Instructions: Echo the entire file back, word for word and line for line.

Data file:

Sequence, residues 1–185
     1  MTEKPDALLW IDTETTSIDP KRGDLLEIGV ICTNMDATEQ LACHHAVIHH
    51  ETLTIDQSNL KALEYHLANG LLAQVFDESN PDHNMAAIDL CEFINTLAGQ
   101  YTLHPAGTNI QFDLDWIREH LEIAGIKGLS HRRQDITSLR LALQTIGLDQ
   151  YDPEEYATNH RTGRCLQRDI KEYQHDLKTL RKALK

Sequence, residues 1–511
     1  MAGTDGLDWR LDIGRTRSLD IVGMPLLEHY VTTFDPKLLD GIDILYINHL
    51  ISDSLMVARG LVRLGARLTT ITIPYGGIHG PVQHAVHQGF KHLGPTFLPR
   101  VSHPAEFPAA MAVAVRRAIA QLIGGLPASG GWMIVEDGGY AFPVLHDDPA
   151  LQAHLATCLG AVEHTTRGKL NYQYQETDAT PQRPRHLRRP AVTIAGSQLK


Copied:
Sequence, residues 1–185
     1  MTEKPDALLW IDTETTSIDP KRGDLLEIGV ICTNMDATEQ LACHHAVIHH
    51  ETLTIDQSNL KALEYHLANG LLAQVFDESN PDHNMAAIDL CEFINTLAGQ
   101  YTLHPAGTNI QFDLDWIREH LEIAGIKGLS HRRQDITSLR LALQTIGLDQ
   151  YDPEEYATNH RTGRCLQRDI KEYQHDLKTL RKALK

Sequence, residues 1–511
     1  MAGTDGLDWR LDIGRTRSLD IVGMPLLEHY VTTFDPKLLD GIDILYINHL
    51  ISDSLMVARG LVRLGARLTT ITIPYGGIHG PVQHAVHQGF KHLGPTFLPR
   101  VSHPAEFPAA MAVAVRRAIA QLIGGLPASG GWMIVEDGGY AFPVLHDDPA
   151  LQAHLATCLG AVEHTTRGKL NYQYQETDAT PQRPRHLRRP AVTIAGSQLK